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Lepomis gibbosus - Pumpkinseed, Common SunfishMagyarul / Hungarian
Lepomis gibbosus - Pumpkinseed, Common SunfishLepomis gibbosus - Pumpkinseed, Common SunfishLepomis gibbosus - Pumpkinseed, Common SunfishLepomis gibbosus - Pumpkinseed, Common SunfishLepomis gibbosus - Pumpkinseed, Common Sunfish
  • Scientific name: Lepomis gibbosus
  • Synonyms: Perca gibbosa, Eupomotis gibbosus, Lepomus gibbosus, Pomotis vulgaris
  • Common name: Pumpkinseed, Common Sunfish
  • Group: Cichlids
  • Habitat: North America: New Brunswick in Canada to South Carolina in the USA. It has been widely introduced in Europe, Africa, and South America.
  • Size: 15-25 cm
  • Biotope: Found in vegetated lakes and in slow-moving parts of creeks and small rivers, usually near the shore, in the shallow water.
  • Social behavior: Quite aggressive fish, that shouldn’t be kept in a community tank, as it will eat smaller fish. They can become more aggressive and territorial during spawning, and they often fight during this time.
  • Diet: Carnivorous; In the nature they feed on small fishes and other invertebrates, as well as fish eggs. It will take all kinds of live and frozen foods in the aquarium, and usually it accepts dried foods.
  • Breeding: Quite hard
  • Tank: Minimum 250 litres
  • Population: 1 pair for 300 litres
  • Decoration: In the aquarium these fish can be quite destructive as they mature, and will rearrange the tank, so use larger stones and roots to decorate the aquarium, and secure them carefully. They will often tear up plants.
  • Temperature: 4-22 °C
  • pH: 7-7.5
  • Hardness: 10-15 NK°
  • Lifespan: 8-12 years

Description: Common Sunfish is dark, olive-green on its back, and yellowish on its sides with mottled pattern, covered with orange, red and blue spots. Its belly is yellow to bright orange. The head and gill covers are marked with blue-green and yellow worm-shaped bands. There is a black opercular spot with a red mark at the outside edge on its bluish-black gill cover. Orange spots may cover the dorsal, anal, and caudal fins. Young pumpkinseeds also have vertical chainlike bands down their sides with dark vertical bars between the primary bands. Common Sunfish has very sharp spines in the dorsal and anal fins, which protects the fish from the predators.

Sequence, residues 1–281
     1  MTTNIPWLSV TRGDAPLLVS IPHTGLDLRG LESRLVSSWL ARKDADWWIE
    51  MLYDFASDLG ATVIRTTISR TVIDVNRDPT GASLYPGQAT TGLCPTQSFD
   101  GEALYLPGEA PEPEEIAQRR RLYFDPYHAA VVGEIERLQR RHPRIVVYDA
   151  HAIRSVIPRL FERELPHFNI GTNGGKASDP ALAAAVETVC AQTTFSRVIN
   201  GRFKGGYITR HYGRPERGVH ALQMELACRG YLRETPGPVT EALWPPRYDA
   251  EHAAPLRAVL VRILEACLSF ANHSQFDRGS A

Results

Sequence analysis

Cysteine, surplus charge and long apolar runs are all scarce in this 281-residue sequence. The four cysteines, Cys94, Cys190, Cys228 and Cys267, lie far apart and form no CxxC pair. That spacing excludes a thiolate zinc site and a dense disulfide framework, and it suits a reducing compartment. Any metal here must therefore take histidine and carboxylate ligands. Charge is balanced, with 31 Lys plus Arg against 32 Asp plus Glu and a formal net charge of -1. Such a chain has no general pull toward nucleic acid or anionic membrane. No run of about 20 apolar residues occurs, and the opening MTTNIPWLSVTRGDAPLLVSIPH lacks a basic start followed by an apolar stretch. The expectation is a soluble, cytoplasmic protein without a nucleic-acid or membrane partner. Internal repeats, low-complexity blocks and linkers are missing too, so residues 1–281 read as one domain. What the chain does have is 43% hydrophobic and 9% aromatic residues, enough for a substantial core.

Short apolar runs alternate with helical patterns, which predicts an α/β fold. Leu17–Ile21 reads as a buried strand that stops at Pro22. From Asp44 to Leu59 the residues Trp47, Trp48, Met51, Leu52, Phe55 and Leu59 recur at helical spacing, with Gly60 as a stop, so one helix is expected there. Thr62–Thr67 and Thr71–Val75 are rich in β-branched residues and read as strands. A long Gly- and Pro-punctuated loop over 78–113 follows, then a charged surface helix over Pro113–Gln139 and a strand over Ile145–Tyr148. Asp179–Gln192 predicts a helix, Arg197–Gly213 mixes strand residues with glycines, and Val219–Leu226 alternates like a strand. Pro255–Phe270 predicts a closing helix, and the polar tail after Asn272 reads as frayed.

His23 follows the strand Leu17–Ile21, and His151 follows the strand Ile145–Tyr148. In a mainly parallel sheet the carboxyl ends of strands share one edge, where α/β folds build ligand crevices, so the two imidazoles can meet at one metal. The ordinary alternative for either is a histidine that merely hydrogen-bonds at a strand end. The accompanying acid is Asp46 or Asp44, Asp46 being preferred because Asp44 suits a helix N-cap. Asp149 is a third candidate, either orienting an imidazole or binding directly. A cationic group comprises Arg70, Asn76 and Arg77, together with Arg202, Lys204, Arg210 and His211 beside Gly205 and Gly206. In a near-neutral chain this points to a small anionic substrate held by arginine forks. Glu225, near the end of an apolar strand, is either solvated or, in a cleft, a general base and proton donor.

Lepomis gibbosus is a true coldwater fish, so their aquarium should be palced in a cool place during the summertime, because they will not tolerate high temperatures for long. Pumpkinseeds are considered a pest in many countries where they have been introduced as they cause an adverse ecological impact and could outcompete native fishes. Common Sunfish can hybridize with most other Lepomis, and these hybrids are fast-growing, but sterile. Although many people consider the meat of a pumpkinseed to be good tasting, it is typically not a popular sport fish due to its small size.

The males are a bit thinner, and more colorful, and the spot on the gill cover is a bit smaller in females, but even experienced breeders have a hard time to distinguish between the genders. Lepomis gibbosus can only be bred if the fish have been kept cool enough during the winter. It’s easier to achieve in garden ponds where the fish will usually spawn, and every year a number of juveniles will survive. They can be bred in pairs in a larger aquarium that should be densley planted, where the female can hide. The male will establish a territorium, where the male will dig a spawning pit in the substrate. To breed the fish the temperature should be kept at 20 °C. After a short courtship the female lays usually 1000 eggs in the pit, and the male fertilizes them. Often more than one female use the same nest. A female between 2 to 5 years of age can produce anywhere from 4000 to 7000 eggs in a single season! The female should be removed after spawning since the male will become extremely aggressiv and may even kill her. Eggs can hatch in 3 days and the fry become free-swimming after another 5 days. The male will care for the eggs and the fry until they are free swimming, but after that he may consider the fry as food, so he should be removed. The fry can immediately be fed with small live foods, and grow quite fast. They can be bred after a year, although the adult size is reached in the second or third year.